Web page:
“The Unlocking the Food Value Chain hub is working to help Australian businesses create products which have instant appeal for local consumers in Southeast Asian nations with technologically advanced processing and packaging.”
Industry body slams ‘misguided’ article on complementary medicines
A recent editorial published in the Medical Journal of Australia that attempted to dismiss the benefits of complementary medicines was “misguided”, according to the industry’s representative body.
The article, titled “Pharmacists selling CAM doesn’t wash”, completely failed to acknowledge the growing body of research that supports natural nutrition, said Carl Gibson, chief executive of Complementary Medicines Australia.
In it, author Jane McCredie claimed that few complementary and alternative medicines were able to “provide quality evidence of efficacy”.
“CAM practitioners are fond of blaming the poor performance of their treatments in trials on what they consider to be inappropriate methodologies: randomised controlled trials just don’t suit their kind of practice they often claim,” McCredie wrote.
She also questioned the ethics of healthcare professionals who promote “products of, at best, doubtful efficacy”.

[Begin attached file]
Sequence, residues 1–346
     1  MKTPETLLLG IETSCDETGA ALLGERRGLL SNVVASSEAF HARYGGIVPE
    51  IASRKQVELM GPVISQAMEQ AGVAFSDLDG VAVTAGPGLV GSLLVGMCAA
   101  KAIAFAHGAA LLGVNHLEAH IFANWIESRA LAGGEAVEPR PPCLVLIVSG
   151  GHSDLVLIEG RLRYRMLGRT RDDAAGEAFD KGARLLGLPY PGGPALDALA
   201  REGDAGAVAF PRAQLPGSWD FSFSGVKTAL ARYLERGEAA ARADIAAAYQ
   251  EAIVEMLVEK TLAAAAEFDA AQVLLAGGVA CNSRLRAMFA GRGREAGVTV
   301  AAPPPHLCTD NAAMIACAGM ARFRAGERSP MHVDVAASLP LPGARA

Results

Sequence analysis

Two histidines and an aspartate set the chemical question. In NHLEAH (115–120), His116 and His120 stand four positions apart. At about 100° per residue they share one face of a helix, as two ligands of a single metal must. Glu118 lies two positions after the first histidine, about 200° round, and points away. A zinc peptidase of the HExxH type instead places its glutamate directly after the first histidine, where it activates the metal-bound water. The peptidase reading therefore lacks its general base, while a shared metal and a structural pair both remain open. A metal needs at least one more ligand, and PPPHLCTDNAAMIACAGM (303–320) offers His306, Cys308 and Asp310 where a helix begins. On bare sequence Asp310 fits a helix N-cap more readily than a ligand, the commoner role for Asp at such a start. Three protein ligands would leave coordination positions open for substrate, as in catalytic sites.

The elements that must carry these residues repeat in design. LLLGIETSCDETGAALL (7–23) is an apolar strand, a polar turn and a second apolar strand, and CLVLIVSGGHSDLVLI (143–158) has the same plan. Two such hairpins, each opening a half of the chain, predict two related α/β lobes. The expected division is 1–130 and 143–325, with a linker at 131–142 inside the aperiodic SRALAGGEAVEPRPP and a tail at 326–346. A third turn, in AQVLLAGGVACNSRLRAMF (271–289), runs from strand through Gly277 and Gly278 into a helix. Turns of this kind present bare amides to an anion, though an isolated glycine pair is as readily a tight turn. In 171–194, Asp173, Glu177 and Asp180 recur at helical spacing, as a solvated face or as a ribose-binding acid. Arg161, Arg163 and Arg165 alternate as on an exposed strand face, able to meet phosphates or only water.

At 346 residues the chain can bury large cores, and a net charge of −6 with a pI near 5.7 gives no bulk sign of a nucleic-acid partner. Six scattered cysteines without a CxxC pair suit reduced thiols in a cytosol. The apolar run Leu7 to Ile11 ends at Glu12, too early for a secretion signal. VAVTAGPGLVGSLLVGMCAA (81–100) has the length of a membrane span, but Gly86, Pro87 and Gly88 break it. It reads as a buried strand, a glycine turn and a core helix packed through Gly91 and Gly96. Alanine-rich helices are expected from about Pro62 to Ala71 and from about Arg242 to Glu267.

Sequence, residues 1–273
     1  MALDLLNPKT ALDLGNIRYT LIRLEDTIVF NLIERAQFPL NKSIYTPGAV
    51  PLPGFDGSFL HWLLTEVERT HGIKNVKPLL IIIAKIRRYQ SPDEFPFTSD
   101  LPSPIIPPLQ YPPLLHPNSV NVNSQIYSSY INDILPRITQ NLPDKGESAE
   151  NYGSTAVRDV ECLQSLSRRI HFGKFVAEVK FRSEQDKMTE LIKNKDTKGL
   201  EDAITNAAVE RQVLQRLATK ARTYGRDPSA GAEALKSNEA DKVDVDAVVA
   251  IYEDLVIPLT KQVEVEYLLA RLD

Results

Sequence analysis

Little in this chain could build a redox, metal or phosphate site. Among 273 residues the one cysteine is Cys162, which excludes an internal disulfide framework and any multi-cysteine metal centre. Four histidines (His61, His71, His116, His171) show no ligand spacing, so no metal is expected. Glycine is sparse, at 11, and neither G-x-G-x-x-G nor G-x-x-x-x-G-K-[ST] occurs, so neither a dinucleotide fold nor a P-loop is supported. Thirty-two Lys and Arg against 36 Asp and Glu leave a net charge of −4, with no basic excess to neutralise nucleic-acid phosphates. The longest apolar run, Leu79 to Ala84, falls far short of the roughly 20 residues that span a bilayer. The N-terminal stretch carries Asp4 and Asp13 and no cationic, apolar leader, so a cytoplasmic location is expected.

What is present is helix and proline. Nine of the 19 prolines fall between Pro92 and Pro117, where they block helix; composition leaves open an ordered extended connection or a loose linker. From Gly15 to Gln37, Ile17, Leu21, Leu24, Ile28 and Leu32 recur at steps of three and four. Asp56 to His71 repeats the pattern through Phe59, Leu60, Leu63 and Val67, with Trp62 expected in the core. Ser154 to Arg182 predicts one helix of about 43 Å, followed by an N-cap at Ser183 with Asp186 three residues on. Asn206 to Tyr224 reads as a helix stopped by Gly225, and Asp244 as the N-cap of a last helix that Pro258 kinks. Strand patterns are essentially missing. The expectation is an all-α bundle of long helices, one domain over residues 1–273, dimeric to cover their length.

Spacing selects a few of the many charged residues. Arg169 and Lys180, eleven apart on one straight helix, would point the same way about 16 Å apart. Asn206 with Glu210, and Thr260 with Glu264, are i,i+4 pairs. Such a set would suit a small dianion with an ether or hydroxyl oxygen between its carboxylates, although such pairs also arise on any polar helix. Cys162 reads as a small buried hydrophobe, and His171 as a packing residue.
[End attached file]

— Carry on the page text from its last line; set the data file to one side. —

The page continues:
Responding to the article, Gibson said: “With two out of three people using complementary medicines, it will be a huge shame for Australian consumers if this type of one-sided approach influences the recognition of the very real contribution that complementary medicines can make to health, wellness and people-centred healthcare through appropriate integration into health systems.”
He said that recent reports have indicated that selected complementary medicines are both highly efficacious and cost effective, especially in the prevention and management of chronic conditions.
Among these, he said, a 2014 Frost & Sullivan report showed robust links between several of the more well-known complementary medicines with reduced risk of a secondary disease event among high-risk groups, and with major potential healthcare cost savings.
“[McCredie’s] approach negates the ability of health professionals to participate in putting the patient at the centre of care by declaring that the use of an entire practice of health management is ‘unethical’,” he added.
“If it shows anything at all, the editorial highlights the fact that some fringe practitioners fall short of the cohesive and integrative approach that will ultimately allow consumers to access complementary medicines in an effective, safe and respectful manner.”